Duplicate SMB file_ids leading to Windows client cache poisoning
tom at talpey.com
Thu Dec 9 18:48:13 UTC 2021
Yes I was referring to filesystem timestamps because you had
mentioned mtime ctime and atime. But I have a similar concern
with hrtimers, because they are so hardware dependent. Older
hardware may not have one at all, and even if present they
uniqueness is only assured in specific narrow contexts. For
example, they are per-socket so high-scale architectures can
introduce anomalies if the thread is migrated. They're especially
unreliable in virtualized environments. And the timespec struct
exposes them with nanosecond granularity, which is pretty wide IMO.
The clock_gettime manpage has more than a few caveats:
> NOTE for SMP systems
> The CLOCK_PROCESS_CPUTIME_ID and CLOCK_THREAD_CPUTIME_ID clocks are realized on many platforms using timers from the CPUs (TSC on i386, AR.ITC on Itanium). These registers may differ between CPUs and as a consequence these clocks may return bogus results if a process is migrated to another CPU.
> If the CPUs in an SMP system have different clock sources then there is no way to maintain a correlation between the timer registers since each CPU will run at a slightly different frequency. If that is the case then clock_getcpuclockid(0) will return ENOENT to signify this condition. The two clocks will then only be useful if it can be ensured that a process stays on a certain CPU.
> The processors in an SMP system do not start all at exactly the same time and therefore the timer registers are typically running at an offset. Some architectures include code that attempts to limit these offsets on bootup. However, the code cannot guarantee to accurately tune the offsets. Glibc contains no provisions to deal with these offsets (unlike the Linux Kernel). Typically these offsets are small and therefore the effects may be negligible in most cases.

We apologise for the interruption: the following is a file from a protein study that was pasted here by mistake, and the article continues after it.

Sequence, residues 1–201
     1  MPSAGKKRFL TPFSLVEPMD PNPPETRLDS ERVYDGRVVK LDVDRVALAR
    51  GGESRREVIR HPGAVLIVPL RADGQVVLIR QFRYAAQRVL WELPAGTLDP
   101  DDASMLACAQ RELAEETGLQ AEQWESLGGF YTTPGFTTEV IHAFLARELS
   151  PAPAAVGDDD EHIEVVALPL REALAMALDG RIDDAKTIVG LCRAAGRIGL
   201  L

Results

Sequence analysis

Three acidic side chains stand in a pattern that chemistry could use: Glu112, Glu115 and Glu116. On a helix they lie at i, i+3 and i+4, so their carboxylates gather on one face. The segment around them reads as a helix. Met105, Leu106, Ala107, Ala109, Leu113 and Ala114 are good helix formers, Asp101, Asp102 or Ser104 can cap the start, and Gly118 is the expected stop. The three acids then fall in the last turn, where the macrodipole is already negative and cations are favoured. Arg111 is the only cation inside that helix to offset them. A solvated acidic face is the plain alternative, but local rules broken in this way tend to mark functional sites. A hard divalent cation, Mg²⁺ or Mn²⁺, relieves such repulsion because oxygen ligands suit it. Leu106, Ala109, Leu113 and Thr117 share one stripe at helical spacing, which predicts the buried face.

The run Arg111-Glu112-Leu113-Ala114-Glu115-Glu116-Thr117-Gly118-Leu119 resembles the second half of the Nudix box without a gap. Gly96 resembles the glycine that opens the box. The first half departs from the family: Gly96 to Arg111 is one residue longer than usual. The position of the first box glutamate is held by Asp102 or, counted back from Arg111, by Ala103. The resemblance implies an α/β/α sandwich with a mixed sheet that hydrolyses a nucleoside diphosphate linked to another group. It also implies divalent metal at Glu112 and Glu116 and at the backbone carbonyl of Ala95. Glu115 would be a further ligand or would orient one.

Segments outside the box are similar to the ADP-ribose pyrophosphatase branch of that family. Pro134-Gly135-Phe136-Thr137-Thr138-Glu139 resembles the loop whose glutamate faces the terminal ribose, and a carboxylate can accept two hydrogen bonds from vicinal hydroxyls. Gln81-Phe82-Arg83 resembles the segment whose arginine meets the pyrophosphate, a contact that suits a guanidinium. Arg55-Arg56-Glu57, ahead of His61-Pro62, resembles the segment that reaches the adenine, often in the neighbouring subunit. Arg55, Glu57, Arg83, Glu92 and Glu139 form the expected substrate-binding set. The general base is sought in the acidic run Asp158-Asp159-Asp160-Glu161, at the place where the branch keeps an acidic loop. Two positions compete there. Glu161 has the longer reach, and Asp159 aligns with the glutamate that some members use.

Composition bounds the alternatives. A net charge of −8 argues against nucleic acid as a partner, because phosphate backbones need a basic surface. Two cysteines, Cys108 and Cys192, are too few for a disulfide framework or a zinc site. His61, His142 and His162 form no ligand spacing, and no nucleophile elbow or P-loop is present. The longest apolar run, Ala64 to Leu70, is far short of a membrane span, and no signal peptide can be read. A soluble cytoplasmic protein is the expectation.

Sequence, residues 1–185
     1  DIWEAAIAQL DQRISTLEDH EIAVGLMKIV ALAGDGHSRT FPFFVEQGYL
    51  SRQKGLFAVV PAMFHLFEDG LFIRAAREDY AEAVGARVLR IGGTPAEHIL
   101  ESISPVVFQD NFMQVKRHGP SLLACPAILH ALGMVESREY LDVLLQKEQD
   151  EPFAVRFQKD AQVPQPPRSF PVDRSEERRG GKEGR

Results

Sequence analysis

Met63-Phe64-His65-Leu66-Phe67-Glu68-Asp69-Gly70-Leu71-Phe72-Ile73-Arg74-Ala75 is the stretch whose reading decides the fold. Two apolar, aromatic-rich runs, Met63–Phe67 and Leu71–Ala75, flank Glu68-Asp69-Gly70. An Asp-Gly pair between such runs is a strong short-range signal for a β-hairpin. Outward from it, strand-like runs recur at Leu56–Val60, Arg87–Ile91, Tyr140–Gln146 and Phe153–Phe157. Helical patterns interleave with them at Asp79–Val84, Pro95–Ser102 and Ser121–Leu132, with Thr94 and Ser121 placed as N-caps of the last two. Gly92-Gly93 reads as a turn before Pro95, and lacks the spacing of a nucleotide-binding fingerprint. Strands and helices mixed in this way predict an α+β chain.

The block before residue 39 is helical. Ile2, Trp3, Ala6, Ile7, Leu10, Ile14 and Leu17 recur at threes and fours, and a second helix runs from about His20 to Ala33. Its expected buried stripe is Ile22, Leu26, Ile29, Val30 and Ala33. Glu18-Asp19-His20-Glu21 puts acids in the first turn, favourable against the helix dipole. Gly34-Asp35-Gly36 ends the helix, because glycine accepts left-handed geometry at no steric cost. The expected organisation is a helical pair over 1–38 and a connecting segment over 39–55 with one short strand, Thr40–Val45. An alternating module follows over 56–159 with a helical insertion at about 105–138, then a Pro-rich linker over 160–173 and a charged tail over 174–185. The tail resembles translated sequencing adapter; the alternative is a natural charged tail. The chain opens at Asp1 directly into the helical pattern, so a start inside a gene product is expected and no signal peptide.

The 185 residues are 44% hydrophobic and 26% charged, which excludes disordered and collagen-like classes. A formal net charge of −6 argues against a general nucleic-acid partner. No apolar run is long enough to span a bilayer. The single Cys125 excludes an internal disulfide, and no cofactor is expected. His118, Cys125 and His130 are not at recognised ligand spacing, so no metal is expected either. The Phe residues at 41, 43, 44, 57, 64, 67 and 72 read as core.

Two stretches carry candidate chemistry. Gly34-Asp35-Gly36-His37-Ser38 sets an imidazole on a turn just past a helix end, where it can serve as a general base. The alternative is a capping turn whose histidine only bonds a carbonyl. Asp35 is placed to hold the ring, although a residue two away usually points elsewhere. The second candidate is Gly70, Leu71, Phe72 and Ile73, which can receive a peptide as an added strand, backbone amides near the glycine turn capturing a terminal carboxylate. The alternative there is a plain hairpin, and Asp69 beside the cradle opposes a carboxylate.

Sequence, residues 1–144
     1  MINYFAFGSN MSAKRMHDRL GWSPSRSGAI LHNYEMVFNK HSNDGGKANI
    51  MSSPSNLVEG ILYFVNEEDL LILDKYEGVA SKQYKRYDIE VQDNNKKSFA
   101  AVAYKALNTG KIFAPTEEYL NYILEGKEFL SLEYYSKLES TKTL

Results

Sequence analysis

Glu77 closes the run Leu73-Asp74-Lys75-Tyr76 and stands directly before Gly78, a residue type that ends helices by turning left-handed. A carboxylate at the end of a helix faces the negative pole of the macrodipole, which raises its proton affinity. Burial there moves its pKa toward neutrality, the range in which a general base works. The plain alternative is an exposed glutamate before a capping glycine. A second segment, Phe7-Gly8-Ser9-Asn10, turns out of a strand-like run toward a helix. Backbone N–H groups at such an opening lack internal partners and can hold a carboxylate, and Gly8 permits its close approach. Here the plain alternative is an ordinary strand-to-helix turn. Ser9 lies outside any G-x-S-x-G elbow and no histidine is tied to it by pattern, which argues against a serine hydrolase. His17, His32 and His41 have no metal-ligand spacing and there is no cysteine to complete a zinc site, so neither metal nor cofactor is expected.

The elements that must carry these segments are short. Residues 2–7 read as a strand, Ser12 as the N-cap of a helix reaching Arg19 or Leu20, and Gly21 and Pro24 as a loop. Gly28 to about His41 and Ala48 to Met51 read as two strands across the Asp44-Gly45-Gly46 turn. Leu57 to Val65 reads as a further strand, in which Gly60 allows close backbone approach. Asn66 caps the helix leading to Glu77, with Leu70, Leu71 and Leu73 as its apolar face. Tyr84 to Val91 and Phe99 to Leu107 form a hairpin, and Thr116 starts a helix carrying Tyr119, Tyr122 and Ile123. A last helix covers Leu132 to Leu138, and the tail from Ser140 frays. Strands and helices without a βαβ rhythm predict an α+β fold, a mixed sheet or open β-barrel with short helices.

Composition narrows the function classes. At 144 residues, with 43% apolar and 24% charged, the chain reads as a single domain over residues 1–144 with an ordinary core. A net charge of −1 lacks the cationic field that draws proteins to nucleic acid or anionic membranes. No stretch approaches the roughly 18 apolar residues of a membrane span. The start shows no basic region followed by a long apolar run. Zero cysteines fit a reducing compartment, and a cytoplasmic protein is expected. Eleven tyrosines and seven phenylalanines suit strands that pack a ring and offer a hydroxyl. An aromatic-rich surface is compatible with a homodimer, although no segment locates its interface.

I really think you need a bulletproof mathematically correct
uniqueid generator here.
On 12/8/2021 10:36 PM, Ralph Boehme wrote:
> Hi Tom!
> On 12/8/21 22:18, Tom Talpey wrote:
>> I have to say that I'm siding with Steve on not using timestamps,
>> even with a monotonicity salt. They're terribly old-school and
>> for good reason. If you want reliable results when running on
>> everything from embedded ARM systems with FAT (2-second granularity)
>> on an MMC card, all the way up to servers with PMEM (<<1us access
>> time) and networks with 100+ Gbps pipes, timestamps will be
>> whack-a-mole for many years. MHO.
> I guess you are referring to filesystem timestamps? I was suggesting
> moving away from that and using system high resolution timer, not
> filesystem timestamp. That's what we're currently using which seems to
> break on certain filesystem with too low resolution. We've been using
> the inode number before which has its own problems due to inode number
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